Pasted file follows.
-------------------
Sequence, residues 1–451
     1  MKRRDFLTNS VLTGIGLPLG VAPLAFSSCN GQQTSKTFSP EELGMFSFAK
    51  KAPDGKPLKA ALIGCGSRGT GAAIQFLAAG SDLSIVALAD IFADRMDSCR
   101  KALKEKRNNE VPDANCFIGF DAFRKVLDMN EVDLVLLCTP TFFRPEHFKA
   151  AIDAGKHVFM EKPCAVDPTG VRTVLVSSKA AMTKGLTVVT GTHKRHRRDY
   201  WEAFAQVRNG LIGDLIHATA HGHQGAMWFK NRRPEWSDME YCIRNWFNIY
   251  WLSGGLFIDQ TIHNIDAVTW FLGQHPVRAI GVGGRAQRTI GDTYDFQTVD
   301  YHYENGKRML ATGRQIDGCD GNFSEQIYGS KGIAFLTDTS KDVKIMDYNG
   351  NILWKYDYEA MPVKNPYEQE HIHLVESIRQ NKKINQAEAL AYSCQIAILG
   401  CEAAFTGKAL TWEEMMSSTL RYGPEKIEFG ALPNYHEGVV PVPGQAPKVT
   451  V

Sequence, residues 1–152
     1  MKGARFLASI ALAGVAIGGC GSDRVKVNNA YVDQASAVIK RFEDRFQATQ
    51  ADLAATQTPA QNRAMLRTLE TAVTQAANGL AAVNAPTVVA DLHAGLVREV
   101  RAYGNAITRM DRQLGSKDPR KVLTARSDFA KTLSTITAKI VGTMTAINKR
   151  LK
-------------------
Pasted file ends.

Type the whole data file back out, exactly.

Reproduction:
Sequence, residues 1–451
     1  MKRRDFLTNS VLTGIGLPLG VAPLAFSSCN GQQTSKTFSP EELGMFSFAK
    51  KAPDGKPLKA ALIGCGSRGT GAAIQFLAAG SDLSIVALAD IFADRMDSCR
   101  KALKEKRNNE VPDANCFIGF DAFRKVLDMN EVDLVLLCTP TFFRPEHFKA
   151  AIDAGKHVFM EKPCAVDPTG VRTVLVSSKA AMTKGLTVVT GTHKRHRRDY
   201  WEAFAQVRNG LIGDLIHATA HGHQGAMWFK NRRPEWSDME YCIRNWFNIY
   251  WLSGGLFIDQ TIHNIDAVTW FLGQHPVRAI GVGGRAQRTI GDTYDFQTVD
   301  YHYENGKRML ATGRQIDGCD GNFSEQIYGS KGIAFLTDTS KDVKIMDYNG
   351  NILWKYDYEA MPVKNPYEQE HIHLVESIRQ NKKINQAEAL AYSCQIAILG
   401  CEAAFTGKAL TWEEMMSSTL RYGPEKIEFG ALPNYHEGVV PVPGQAPKVT
   451  V

Sequence, residues 1–152
     1  MKGARFLASI ALAGVAIGGC GSDRVKVNNA YVDQASAVIK RFEDRFQATQ
    51  ADLAATQTPA QNRAMLRTLE TAVTQAANGL AAVNAPTVVA DLHAGLVREV
   101  RAYGNAITRM DRQLGSKDPR KVLTARSDFA KTLSTITAKI VGTMTAINKR
   151  LK